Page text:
The stories are connected precisely because Alice and Eileen choose to share them with one another – as if to say that perhaps this is how we form connection in our ever-decaying world.
Sally Rooney’s style remains precise and clean, piercing and honest. As a reader, I enjoyed watching her experiment with new narrative techniques: omniscient, distant third person narration, epistolary forms, and close first person narration through the emails. Her flexibility as an author was on full display in Beautiful World, and I believe she’s beginning to play with some narrative techniques that will only grow more refined as she matures as an author.
Beautiful World, Where Are You, at its core, asks its readers how we are to exist, love, and find beauty in a world so hell bent on systemic collapse? What is the point of loving at all if the world is going to shit?
Hell if I know.
But to this question, Rooney answers that beauty, love, and art are quite literally the only things we can do in the face of destruction.
We must seek and create the beauty in the world, we must enact agency in rendering the world beautiful.
Centered around mildly annoying, economically well-off characters frequently making questionable (and sometimes downright terrible) decisions while navigating love, loss, mental health, sexuality, and identity, Sally Rooney’s Beautiful World, Where Are You does for 2021 what Jane Austen’s Emma did for 1815.
As a Jane Austen fanatic, perhaps this is why I loved this text so much. It felt familiar, it felt like Emma, but written for me – a 21 year old woman navigating a world hell bent on destroying itself.
Excellent in language, form, dialogue, and style, this novel had me in wrapped around its finger from beginning to end.
Some of my favorite quotes:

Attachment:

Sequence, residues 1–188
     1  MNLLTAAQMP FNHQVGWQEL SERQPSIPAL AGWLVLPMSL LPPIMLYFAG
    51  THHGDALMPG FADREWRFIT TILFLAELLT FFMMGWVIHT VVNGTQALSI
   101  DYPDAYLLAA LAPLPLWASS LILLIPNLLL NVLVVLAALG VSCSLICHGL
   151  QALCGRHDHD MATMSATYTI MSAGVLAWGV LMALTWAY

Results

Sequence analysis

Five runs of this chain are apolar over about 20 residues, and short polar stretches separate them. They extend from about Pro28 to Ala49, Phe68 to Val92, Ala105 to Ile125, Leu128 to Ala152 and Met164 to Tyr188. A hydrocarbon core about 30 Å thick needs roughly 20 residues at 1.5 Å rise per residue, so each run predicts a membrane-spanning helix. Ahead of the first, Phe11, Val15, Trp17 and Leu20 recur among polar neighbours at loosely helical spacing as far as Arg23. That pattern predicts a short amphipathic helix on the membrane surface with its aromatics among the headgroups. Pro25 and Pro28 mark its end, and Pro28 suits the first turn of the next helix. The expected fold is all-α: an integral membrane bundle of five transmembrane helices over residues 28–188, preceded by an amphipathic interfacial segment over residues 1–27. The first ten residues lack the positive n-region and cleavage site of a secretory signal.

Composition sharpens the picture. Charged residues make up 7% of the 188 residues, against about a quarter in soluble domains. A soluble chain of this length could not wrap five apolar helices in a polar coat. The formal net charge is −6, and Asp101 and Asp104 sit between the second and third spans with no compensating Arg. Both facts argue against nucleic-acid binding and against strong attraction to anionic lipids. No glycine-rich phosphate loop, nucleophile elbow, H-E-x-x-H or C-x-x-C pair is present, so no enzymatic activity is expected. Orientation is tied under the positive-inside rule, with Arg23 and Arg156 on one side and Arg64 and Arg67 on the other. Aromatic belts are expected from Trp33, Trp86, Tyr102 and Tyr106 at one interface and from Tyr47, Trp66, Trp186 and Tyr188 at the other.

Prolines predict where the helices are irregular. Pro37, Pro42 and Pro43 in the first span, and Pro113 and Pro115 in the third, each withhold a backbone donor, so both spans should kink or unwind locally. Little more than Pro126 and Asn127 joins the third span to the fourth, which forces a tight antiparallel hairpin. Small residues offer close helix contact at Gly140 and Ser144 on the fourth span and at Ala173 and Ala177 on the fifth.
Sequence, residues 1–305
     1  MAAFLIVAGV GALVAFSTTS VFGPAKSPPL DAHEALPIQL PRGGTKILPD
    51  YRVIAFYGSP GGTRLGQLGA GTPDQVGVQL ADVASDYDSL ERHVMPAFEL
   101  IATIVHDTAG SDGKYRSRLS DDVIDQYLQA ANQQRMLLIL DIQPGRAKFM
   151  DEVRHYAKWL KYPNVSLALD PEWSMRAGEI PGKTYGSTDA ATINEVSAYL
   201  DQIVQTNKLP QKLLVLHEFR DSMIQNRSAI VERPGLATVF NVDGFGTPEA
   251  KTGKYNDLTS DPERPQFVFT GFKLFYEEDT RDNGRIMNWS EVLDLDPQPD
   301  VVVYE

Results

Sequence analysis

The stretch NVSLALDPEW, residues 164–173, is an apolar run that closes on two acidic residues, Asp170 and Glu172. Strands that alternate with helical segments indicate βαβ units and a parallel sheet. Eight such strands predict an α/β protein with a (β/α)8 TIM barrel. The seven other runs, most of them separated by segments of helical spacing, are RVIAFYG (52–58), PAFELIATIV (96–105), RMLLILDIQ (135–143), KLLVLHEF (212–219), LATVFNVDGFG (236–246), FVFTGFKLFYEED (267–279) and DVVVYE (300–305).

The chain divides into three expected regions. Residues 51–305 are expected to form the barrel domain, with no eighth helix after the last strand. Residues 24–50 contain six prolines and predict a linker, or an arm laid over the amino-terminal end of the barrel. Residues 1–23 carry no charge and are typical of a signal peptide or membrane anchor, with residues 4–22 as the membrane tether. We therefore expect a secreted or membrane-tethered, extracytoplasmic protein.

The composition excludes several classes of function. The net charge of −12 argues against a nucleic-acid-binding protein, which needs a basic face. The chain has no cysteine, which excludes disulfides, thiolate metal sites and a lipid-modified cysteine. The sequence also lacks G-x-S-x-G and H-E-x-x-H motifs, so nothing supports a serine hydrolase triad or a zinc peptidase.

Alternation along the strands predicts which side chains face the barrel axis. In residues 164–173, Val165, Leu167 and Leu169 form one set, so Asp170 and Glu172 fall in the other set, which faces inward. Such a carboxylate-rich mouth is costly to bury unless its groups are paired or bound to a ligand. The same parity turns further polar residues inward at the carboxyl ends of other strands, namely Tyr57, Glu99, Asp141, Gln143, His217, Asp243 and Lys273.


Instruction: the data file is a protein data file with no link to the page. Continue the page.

“And I want that – to prove that the most ordinary thing about human beings is not violence or greed but love and care.”
“Most of our attempts throughout human history to describe right and wrong have been feeble and cruel and unjust, but that difference still remains – beyond ourselves, beyond each specific culture, beyond every individual person who has lived or died. And we spend our lives trying to know that difference and live by it, trying to love other people instead of hating them, and there is nothing else that matters on this earth.”
“And were they aware, in the intensity of their embrace, of something slightly ridiculous about this tableau, something almost comical, as someone nearby sneezed violently into a crumpled tissue;… as life in its ordinariness and even ugly vulgarity imposed itself everywhere all around them? Or, were they in this moment unaware, or something more than unaware – were they somehow invulnerable to, untouched by, vulgarity and ugliness, glancing for a moment into something deeper, something concealed beneath the surface of life, not unreality but a hidden reality: the presence at all times, in all places, of a beautiful world.”
I will be searching for that hidden reality for a long long time, forever, I hope. May we never forget that there is indeed a beautiful world, but we have to consistently ask the question and ceaselessly follow where the answers lead us: Beautiful World, Where Are You?